Maybe it’s just because the Olympics are on, but I’ve run in to a few interesting international statistics lately that gave me pause.
The first was regarding infant mortality. After Aaron Sorkin’s new show The Newsroom incorrectly reported that the US was 178th in infant mortality (really, you think there are 177 countries you’d rather give birth in?), I went looking for the infant mortality listings across the world. The US does not typically do very well in terms of other industrialized countries.
There are a few interesting reasons for that….we have a much larger population than most of the countries that beat us, and it’s spread out over a much larger area. Our care across areas/populations tends to be more uneven, states vary wildly on issues like access, health insurance, prenatal care, etc. Our records however, tend to be meticulous….there is very little doubt that we capture nearly all infant mortality that actually occurs. This combination can put the US at a huge disadvantage in these statistics (10-30% according to the best published studies).
This raises the point of why Cuba tends to beat us. Now, realistically speaking, if you or someone you love had to give birth, would you seriously pick Cuba over the US? Would anybody? And yet they look safer given the data….which is all self reported. I have no problems believing that Singapore outranks us, but I’m skeptical of any country that might have an agenda. Worldwide, there is actually very little consensus on what is a “live birth”, and the US tends to use the “any sign of life” definition.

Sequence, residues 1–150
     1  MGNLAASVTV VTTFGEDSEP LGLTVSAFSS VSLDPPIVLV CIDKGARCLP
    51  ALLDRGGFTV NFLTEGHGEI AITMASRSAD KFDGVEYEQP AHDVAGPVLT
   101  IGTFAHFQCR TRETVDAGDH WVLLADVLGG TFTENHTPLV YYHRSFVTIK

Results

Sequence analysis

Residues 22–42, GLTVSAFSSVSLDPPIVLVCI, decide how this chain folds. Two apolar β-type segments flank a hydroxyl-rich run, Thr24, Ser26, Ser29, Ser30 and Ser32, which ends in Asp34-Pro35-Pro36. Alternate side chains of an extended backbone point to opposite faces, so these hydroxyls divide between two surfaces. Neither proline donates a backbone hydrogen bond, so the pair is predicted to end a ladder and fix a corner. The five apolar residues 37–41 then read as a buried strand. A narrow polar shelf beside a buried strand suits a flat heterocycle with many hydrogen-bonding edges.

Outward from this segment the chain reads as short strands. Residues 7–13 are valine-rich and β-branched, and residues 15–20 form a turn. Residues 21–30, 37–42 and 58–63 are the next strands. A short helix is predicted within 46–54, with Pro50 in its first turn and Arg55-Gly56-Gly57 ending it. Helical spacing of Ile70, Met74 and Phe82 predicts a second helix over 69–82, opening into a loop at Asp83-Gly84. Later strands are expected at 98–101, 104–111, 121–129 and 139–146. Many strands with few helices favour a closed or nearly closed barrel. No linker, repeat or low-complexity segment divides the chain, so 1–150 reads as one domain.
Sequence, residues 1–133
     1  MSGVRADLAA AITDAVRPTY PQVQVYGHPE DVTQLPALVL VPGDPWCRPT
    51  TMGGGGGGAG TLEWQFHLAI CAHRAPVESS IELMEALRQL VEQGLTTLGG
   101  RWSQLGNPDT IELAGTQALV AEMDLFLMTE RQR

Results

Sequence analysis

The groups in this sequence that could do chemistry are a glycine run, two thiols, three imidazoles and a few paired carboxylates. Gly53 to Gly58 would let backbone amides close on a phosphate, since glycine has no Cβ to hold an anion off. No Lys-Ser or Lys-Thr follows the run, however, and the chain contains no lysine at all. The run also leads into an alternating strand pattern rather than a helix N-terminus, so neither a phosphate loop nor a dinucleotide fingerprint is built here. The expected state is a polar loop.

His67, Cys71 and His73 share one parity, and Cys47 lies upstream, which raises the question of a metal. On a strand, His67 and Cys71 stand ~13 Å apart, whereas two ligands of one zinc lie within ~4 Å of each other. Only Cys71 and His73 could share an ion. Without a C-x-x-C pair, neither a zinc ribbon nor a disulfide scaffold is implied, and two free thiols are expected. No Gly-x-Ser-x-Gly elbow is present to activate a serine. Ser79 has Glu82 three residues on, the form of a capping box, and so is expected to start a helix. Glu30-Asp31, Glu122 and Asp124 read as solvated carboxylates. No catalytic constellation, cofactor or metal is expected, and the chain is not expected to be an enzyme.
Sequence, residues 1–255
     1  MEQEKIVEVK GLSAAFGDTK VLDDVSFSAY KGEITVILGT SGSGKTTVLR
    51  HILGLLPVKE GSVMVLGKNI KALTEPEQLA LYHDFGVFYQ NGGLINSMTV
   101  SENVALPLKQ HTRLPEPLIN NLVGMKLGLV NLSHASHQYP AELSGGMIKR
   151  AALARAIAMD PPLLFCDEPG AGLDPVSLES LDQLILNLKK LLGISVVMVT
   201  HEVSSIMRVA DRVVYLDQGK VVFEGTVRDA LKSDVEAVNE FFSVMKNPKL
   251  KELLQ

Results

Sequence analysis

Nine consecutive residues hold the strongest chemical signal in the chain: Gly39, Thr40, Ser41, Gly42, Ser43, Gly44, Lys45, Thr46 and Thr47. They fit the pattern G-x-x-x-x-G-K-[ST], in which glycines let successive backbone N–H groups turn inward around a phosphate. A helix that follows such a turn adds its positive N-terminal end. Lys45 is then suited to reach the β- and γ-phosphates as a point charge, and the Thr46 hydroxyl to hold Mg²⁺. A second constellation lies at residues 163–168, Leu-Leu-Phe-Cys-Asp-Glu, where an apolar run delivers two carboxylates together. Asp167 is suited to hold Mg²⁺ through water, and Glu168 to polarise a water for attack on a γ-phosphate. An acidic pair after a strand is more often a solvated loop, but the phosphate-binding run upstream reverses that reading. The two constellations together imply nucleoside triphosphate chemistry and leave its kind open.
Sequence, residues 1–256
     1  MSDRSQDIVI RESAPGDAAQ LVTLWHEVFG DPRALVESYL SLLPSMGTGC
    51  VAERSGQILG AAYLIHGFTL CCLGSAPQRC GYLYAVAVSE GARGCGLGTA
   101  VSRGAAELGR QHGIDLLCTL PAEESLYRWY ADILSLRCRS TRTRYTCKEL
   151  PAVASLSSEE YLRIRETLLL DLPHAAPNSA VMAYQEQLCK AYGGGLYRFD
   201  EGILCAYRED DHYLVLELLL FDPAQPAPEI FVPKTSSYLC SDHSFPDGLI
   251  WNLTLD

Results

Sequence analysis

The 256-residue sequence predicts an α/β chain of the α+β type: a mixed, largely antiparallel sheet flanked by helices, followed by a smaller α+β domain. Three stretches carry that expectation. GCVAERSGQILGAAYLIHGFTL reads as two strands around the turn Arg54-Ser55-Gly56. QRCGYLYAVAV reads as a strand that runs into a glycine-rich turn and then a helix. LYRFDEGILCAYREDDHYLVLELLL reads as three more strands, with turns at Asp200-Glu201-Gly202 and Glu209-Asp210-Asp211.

On the other end of the spectrum, I saw this piece recently on gun control. I’ve covered misleading gun stats before (suicides are often combined with homicides to get “death by gun violence” numbers). One of the interesting facts the article above points out is that internationally, gun deaths are only counted when it’s civilian on civilian violence. This is certainly fine in the US…I would think we wouldn’t want to count every time the police had to open fire, but in countries with, um, more questionable police tactics, this could cause some skewing (Syria was cited as one such example).
Data is hard enough to pin down when you know the sources have no vested interest in misleading you….international rankings will never be free from such bias.
2 thoughts on “International data – beware the self reporting”
Does this caveat also apply to various international education test scores?
That would be the next place I can think of in which reporting categories (or types of tests, or number/type of students taking tests) can become hard to compare across international borders.
Pinochet had a better record in reducing infant mortality in his 17 years in power than Castro did. Such as years to reach IM of 20/ 1,000 births.
Trap for a lefty:
Ask him if he believes that Cuba's having a life expectancy 5 years greater than Latin America's shows that the Castro brothers have done a good job in promoting the general welfare in Cuba.
Then point out to him that in the 1950s,when Batista was in power, Cuba's life expectancy was 8 years greater than Latin America's.
Congratulations on giving birth to your child. Patience and cheerfulness will take you far.
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